Be aware, Salge Blake adds, that careful planning can go out the window when restaurant meals are on the menu. As we age we may have more time and discretion­ary income to spend on meals out, she says, but beware: “We know from research that individuals who frequently dine out tend to have more difficulty managing their weight. Eating out also means more sodium, which is not good for high blood pressure. Managing weight and sodium intake can be challeng­ing for women who are dining out.”

Get Enough Shut-Eye

As women go through menopause, many find that their sleep patterns are disrupted by night sweats and other symptoms of menopause. Salge Blake says that chronic dis­rupted sleep can lead to ongoing fatigue, which often results in hun­ger and cravings: “Make sure that you get good sleep nightly—or if you can’t get good nightly slumber, try to nap. Sometimes when you’re very tired and feel hungry, you’re actually just tired. If you can take a quick nap, you may find that you’re not hungry when you wake up.”

Eat For Your Head And Your Heart

As we age, brain health and heart health are affected by our diet and body weight. “We know that being overweight or obese can lead to a higher risk for dementia,” Salge Blake says. “And higher blood pres­sure may increase risk of stroke, which also increases risk of demen­tia. Being at a good weight can help cognitive health.”

As for the heart, Salge Blake says that a heart-healthy diet is one that provides adequate fiber and fruits and vegetables, which contain vital phytochemicals, vitamins, and antioxidants, and is low in satu­rated fat. And what’s good for your heart is good for the rest of you, too: “A good overall, plant-based, heart-healthy diet that includes all the food groups can help with a variety of health issues and chronic diseases.”

Joan Salge Blake MS, RD, LDN,is a clinical associate professor at Boston Univer­sity and the author of Nutrition & You (2015); Nutrition & You: Core Concepts to Good Health (2010); Nutrition: From Science to You (2015); and Eat Right The E.A.S.Y. Way (1991). She is a national media spokesperson for the Academy of Nutrition and Dietetics. Her weekly Nutri­tion & You blog can be viewed on Boston. com. Joan has appeared on CBS’s The Early Show, CNN’s Pure Oxygen*, NBC News (Boston), Fox TV (Boston), CBS News (New York and Boston),* Chronicle, Doctors On Call, NiteBeat, and other television and radio talk shows. Her nutri­tion segments appear regularly on Fox TV (Boston). She is a sought-after nutrition expert and lecturer, who has written for or been quoted by the New York Times, NPR, People, Forbes, Newsweek, the Washington Post, the Boston Globe, the Boston Herald, Health, Redbook, the LA Times, the Chicago Tribune, The Busi­ness Traveler, Family Circle, US World News, Parade, Newsday, Readers Digest, the Boston Phoenix, The Patriot Ledger,,, WebMD, Cooking Light, Cosmopolitan, Glamour, MSNBC, Men’s Health, Woman’s Health, Good Housekeeping, Runner’s World, Today’s Dietitian, Details, Fitness, Shape, Self, Weight Watchers, Parents, Essence,, and Golden Years.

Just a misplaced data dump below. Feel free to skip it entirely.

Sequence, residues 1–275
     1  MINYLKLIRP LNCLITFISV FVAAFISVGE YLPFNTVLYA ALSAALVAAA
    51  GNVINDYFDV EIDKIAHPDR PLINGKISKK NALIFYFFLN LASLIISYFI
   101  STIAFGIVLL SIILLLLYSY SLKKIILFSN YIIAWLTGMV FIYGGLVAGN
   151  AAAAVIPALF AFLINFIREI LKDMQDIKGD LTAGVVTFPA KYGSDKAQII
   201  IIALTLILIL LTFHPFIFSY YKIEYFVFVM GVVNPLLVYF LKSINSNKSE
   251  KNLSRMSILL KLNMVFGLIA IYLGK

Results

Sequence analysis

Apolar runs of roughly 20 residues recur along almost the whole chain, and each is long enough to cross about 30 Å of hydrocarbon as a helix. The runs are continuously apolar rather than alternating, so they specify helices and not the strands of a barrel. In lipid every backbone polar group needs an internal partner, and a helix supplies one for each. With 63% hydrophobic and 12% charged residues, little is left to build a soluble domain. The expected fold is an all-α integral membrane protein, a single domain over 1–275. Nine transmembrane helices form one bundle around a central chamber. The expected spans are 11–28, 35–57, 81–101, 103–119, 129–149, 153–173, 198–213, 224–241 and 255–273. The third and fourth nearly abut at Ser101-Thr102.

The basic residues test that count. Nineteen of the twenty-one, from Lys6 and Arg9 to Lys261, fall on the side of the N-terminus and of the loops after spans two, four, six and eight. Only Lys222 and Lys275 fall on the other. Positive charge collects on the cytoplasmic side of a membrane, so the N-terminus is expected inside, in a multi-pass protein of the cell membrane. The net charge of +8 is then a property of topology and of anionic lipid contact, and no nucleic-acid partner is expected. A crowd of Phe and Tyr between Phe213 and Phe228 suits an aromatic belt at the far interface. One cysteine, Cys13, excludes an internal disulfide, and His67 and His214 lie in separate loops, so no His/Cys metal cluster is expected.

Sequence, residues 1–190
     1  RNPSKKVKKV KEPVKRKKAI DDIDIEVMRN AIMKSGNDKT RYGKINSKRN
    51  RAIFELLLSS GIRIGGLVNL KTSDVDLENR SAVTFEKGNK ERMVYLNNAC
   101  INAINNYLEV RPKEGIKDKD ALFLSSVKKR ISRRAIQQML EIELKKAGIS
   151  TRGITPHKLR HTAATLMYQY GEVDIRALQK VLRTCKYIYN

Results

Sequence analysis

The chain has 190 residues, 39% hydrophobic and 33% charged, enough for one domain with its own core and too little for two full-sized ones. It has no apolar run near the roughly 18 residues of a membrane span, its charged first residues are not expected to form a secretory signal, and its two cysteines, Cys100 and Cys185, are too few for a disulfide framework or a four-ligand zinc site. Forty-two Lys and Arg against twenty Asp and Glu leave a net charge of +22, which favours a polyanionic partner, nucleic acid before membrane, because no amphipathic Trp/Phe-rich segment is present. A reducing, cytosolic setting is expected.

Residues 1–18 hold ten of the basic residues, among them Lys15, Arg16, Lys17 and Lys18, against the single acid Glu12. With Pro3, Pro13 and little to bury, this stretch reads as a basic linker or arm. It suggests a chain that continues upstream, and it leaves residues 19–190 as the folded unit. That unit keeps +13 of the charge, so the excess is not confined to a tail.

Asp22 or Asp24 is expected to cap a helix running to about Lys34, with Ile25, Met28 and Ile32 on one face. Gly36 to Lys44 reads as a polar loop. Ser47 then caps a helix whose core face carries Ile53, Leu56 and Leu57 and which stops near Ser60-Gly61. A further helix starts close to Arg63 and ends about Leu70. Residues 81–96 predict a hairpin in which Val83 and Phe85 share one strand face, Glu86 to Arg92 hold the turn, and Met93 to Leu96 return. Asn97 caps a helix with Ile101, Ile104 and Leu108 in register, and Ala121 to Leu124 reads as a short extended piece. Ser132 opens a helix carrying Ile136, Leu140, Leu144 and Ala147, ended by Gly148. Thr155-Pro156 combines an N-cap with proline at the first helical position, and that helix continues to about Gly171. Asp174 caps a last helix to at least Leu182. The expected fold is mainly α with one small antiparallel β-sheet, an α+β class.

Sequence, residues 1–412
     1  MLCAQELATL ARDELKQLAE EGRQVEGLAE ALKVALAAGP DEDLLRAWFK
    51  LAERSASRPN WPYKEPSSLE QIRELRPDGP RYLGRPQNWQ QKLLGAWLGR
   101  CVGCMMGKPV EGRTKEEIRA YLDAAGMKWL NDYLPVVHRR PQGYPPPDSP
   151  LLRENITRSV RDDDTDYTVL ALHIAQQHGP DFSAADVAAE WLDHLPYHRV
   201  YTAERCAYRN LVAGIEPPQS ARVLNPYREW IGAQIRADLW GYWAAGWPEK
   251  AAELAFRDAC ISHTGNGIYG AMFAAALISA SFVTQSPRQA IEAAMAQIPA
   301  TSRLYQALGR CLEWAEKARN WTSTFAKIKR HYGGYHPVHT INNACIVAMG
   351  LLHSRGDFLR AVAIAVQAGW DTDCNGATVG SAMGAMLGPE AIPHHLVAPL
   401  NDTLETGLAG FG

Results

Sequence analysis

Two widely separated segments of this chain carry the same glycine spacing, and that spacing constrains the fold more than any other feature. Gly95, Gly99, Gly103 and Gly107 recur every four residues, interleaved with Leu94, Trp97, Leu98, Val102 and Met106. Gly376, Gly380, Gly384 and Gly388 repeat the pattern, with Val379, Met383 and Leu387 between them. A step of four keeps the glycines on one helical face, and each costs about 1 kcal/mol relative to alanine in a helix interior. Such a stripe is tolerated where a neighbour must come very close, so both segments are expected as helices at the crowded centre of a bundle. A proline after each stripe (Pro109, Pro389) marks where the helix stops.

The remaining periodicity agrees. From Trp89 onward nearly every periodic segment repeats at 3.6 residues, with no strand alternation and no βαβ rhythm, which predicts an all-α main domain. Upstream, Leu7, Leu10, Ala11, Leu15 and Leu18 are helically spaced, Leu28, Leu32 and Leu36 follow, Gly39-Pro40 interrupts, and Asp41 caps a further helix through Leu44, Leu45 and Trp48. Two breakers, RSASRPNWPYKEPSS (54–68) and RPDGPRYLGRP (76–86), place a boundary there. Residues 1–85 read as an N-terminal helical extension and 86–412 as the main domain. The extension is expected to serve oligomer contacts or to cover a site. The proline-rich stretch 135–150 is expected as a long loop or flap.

Nutrition and Aging: The Good News

  • Although we may need to pay extra attention to what we eat as we age, growing older does not mean giv­ing up the foods we love or impos­ing too-stringent limits. Here, Joan Salge Blake offers a few nuggets of good news about how to approach eating as you age.
  • “People think they can’t have car­bohydrates,” Salge Blake says, but that’s just not true: “You can have grain, but make it whole grain so that you get fiber as well.”
  • Worried that a slowing metabo­lism means an end to tasty treats? Not so fast. “You can have des­sert,” Salge Blake says, “just not every day.” The key is to watch portion size and limit frequency.
  • Aging is the natural course of things; growing older means get­ting wiser about what you eat. “You just have to plan meals a bit more as you age and adjust for what Mother Nature is serving up,” Salge Blake says.